Emergence - Emergence

Transcatheter Textile Heart Valve – PROVATEX

Transcatheter Textile Heart Valve

The goal of the project is to study the failure modes of a novel textile heart valve prothesis dedicated to non invasive implantation. The project adresses 2 issues: 1/ the mechanical behavior of the valve under accelerated cyclic loading 2/the behavior of the textile material in vivo.

Long term mechanical and biological behavior evaluation of the textile valve

Non invasive aortic valve implantation has become an alternative technique to surgical valve replacement in patients with high risk for open chest surgery. With over 100 000 procedures already performed clinically, the technology is expected to be extended to less critical patients in a coming future. Biological valve tissue is however fragile material when folded for low diameter catheter insertion purpose. Textile polyester is less fragile material, which could be an alternative solution to replace valve leaflets. However, no result is available today about the long term behavior of fabric used as heart valve material. The purpose of the present project is to assess the degradation modes of textile from both a mechanical and biological point of view. Different fabrics were solicited in vitro under fatigue conditions and implanted in vivo in sheep models. The results analysis helps comparing the different fabrics and identify, which textile construction provides the best results.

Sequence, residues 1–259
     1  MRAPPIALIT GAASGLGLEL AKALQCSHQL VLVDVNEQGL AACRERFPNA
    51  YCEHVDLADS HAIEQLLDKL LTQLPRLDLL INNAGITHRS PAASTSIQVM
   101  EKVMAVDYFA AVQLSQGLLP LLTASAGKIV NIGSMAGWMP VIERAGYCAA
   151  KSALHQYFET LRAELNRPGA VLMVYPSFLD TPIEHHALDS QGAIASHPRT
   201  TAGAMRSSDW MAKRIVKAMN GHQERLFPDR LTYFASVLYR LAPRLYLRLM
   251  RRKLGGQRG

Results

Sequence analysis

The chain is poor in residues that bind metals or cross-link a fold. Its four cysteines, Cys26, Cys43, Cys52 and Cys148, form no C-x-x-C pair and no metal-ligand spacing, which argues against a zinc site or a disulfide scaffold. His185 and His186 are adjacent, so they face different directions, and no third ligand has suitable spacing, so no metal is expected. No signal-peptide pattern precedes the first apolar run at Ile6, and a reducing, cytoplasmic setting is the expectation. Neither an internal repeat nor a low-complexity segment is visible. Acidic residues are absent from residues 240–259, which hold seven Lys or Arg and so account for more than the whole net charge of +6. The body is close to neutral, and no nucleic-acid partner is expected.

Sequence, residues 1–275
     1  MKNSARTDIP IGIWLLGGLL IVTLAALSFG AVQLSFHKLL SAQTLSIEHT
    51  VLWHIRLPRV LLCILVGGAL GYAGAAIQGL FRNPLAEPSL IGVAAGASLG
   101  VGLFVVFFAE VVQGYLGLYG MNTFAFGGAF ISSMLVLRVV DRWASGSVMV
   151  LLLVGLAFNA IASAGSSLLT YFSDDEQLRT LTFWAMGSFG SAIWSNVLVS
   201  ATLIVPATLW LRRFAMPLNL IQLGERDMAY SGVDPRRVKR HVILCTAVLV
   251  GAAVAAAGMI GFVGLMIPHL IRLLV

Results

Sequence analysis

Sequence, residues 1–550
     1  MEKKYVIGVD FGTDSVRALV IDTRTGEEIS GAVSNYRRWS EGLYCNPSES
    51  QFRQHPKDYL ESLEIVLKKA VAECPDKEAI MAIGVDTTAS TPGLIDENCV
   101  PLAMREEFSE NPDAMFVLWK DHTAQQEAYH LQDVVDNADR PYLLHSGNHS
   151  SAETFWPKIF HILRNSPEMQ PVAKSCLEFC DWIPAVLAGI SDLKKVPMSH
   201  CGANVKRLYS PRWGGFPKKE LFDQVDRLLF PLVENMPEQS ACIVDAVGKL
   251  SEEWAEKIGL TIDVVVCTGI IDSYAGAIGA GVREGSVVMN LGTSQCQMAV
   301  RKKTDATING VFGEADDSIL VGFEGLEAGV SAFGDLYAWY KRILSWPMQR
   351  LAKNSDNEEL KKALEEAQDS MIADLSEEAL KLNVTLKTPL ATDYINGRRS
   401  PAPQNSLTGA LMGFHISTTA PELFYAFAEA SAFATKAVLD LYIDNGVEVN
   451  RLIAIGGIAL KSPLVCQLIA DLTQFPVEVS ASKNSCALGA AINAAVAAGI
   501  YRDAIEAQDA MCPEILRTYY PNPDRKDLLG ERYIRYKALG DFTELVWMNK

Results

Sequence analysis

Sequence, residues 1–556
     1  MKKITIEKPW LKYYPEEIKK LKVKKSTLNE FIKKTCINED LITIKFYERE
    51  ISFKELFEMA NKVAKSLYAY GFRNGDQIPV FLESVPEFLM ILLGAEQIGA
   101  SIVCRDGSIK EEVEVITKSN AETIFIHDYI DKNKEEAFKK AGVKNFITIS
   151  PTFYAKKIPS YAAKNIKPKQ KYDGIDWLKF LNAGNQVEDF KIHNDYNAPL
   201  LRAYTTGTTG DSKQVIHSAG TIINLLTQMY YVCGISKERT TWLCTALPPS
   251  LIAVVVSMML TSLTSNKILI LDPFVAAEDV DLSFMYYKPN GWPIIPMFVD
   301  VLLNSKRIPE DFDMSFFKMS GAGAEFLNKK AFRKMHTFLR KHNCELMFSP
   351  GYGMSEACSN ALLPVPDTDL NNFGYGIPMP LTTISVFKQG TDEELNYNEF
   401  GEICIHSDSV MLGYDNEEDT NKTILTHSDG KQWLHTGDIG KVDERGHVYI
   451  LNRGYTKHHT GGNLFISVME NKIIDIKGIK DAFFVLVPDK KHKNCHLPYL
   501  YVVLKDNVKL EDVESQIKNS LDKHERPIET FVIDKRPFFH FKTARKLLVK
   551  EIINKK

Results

In vitro tests were carried out using a commercial heart valve fatigue tester. Valve prototypes were manufactured with different designs using a dedicated sample weaving machine. The parameters that vary from one prototype to the other are the following: construction (plain weave, twill, satin), saturation index, yarn type (mono or multifilament), calendering level, surface treatment. Cycling was performed at 13 Hz up to material rupture. Rupture modes have been studied for each prototype at macroscopic and microscopic levels. Moreover, the changes in the mechanical properties were analyzed as well by comparing the strength of some materials before and after cycling.
Regarding the In Vivo tests, these were carried out on sheep models considering a 6 months implantation time. After that period of time, the animals were sacrificed and histological analysis was performed on the prototypes for comparison purpose. In particular 2 aspects were studied: (1) calcification level, (2) fibrin deposition. Actually, these 2 substances are critical for the valve durability.

The first fatigue tests performed on multifilament material allowed reaching 200 Mio cycles. It appears that the material seems to adapt to the applied stress. The textile structure relaxes with cycling, while yarns tend to flatten in order to limit inter-filament friction. Conversely, monofilament and calendered constructions underwent degradations after 50 Mio cycles, while non woven material was ruptured already after 5 Mio cycles. Mechanical characterization of these materials underline that ruptures are friction ruptures in the calendered construction, and flexure fatigue in the monofilament. With regard to the in vivo behavior, 6 months survival time has been reached successfully with several prototypes.It will now be possible,from the obtained results, to develop a specific textile construction more adapted to the effective need.

The obtained results demonstrate that the valve durability depends on the fabric contruction. Multifilament material seems to present an advantage. Other fabric constructions are still under test. After the cycling, it will be possible to identify, which textile is the most appropriate to the application. With regard to the in vivo tests, the observed results tend to open new perspectives for developing hybrid textiles.